A.Without "fairly," the exception would permit improvement of position or lie, area of intended stance or swing or line of play by anything that could be said to be taking a stance. The use of "fairly" is intended to limit the player to what is reasonably necessary to take a stance for the selected stroke without unduly improving the position of the ball, his lie, area of intended stance or swing or line of play. Thus, in taking his stance for the selected stroke, the player should select the least intrusive course of action which results in the minimum improvement in the position or lie of the ball, area of intended stance or swing or line of play. The player is not entitled to a normal stance or swing. He must accommodate the situation in which the ball is found and take a stance as normal as the circumstances permit. What is fair must be determined in the light of all the circumstances.

Examples of actions which do constitute fairly taking a stance are:

backing into a branch or young sapling if that is the only way to take a stance for the selected stroke, even if this causes the branch to move out of the way or the sapling to bend or break.

bending a branch of a tree with the hands in order to get under the tree to play a ball.

Examples of actions which do not constitute fairly taking a stance are:

deliberately moving, bending or breaking branches with the hands, a leg or the body to get them out of the way of the backswing or stroke.

standing on a branch to prevent it interfering with the backswing or stroke.

hooking one branch on another or braiding two weeds for the same purpose.

bending with a hand a branch obscuring the ball after the stance has been taken.

bending an interfering branch with the hands, a leg or the body in taking a stance when the stance could have been taken without bending the branch.

Note that it says backing in is allowed "if that is the only way to take a stance for the selected stroke".  If the stance can be taken without moving as many branches, or if the area can be improved less by approaching the stance from a different direction, then the player is required to take the minimalist approach.  Also note that the player is not entitled to a normal stance if that would require excessive bending or breaking.    If it's reasonably possible to get into the same position while one of those branches is still interfering with the player's swing or vision, then that is how it should be done.  He can't select a route that is more favorable if it is also more intrusive.  That would be no different than pressing down grass or dirt behind the ball to create a more favorable lie.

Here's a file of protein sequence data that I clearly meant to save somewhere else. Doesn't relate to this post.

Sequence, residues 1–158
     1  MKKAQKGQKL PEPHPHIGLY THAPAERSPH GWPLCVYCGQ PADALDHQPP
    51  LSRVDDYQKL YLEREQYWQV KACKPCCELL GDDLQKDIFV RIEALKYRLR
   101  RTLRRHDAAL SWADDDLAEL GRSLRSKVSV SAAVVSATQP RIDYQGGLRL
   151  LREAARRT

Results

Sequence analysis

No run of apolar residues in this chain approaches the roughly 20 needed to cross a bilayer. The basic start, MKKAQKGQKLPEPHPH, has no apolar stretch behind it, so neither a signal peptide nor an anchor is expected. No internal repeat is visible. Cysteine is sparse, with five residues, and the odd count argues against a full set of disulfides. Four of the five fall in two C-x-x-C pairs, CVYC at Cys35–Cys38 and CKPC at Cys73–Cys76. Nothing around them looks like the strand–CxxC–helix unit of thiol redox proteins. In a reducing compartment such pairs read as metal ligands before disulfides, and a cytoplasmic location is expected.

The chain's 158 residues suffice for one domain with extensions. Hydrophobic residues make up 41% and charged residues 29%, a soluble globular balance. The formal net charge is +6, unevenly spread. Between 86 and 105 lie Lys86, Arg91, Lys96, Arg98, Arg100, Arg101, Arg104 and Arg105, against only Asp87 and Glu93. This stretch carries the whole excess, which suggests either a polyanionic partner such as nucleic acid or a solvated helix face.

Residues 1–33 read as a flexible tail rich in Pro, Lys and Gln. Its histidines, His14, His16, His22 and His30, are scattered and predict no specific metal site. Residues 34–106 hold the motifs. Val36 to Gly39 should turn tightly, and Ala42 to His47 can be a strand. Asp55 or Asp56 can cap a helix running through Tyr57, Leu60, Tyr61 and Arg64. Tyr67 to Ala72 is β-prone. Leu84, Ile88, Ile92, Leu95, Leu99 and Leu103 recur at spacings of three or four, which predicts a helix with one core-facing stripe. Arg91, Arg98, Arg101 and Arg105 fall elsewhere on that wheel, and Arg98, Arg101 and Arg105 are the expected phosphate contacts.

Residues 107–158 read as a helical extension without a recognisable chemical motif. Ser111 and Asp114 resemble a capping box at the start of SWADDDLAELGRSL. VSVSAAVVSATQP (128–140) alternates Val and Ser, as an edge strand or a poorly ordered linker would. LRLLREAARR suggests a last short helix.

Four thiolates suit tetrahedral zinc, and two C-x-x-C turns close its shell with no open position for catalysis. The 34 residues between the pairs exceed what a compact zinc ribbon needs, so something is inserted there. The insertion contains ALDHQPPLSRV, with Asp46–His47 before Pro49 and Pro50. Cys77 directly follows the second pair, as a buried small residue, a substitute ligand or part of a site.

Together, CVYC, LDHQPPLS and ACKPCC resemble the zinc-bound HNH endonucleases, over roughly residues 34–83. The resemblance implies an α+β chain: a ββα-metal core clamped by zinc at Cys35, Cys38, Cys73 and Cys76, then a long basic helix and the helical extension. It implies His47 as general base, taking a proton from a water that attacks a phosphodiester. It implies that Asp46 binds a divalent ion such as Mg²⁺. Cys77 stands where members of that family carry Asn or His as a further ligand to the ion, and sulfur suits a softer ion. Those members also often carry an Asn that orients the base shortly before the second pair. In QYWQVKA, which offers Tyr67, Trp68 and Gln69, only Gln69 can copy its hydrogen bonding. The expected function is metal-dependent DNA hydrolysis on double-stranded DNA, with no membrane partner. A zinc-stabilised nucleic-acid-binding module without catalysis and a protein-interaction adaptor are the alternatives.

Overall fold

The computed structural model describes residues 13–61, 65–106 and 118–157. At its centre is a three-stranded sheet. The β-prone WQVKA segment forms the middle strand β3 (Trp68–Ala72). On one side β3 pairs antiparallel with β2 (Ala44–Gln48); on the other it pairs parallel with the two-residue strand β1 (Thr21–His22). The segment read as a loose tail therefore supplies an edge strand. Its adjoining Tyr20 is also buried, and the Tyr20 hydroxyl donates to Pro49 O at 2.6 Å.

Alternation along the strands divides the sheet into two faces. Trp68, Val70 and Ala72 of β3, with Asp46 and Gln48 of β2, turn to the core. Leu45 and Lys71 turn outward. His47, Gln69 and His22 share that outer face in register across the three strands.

I've watched guys bend a branch round behind then so that it's held back by their legs or body, or step on a branch to keep it out of the way.  This is not allowed by the rules.  It's one of those things I don't call them out for in casual play, but I would explain the rule to them if it was in a competition.

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Bobby was off 12 yards off the green, under a bush.  He backed into the bush, pushed it back far enough to give him some club clearance and made the shot onto the green.  The bush was supple and gave way easily.

He did not break any branch nor remove any twig or leaf, that i saw.

Did Bobby violate any rule?


Joe,

The backing into the bush might have been ok as has been explained - we can't really tell - but the bit I've put in red sounds certainly a breach.  You are not entitled to "club clearance" and to take some sort of action like pushing a bush back in order to get it is not permitted.

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So, if my ball goes under say a juniper or young cedar like something this size near the green for example:

You know it's there, you can see it and the only way you can make a stroke at the ball because you're right handed is to back into the tree and chip it out. You can do so without breaking anything. All you're doing is pushing the branches aside with your body as you're backing in to pop your ball out. It's even a blind shot. Is it a penalty?

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Someone referenced it earlier - the stance must be taken in the least intrusive manner.  "Backing in" usually does not meet that standard.  You could place one foot in place for the stance and then place the other foot by stepping around and above many of the branches.  Sometimes an unplayable is a far more certain way of getting out without risk, including risk of penalty.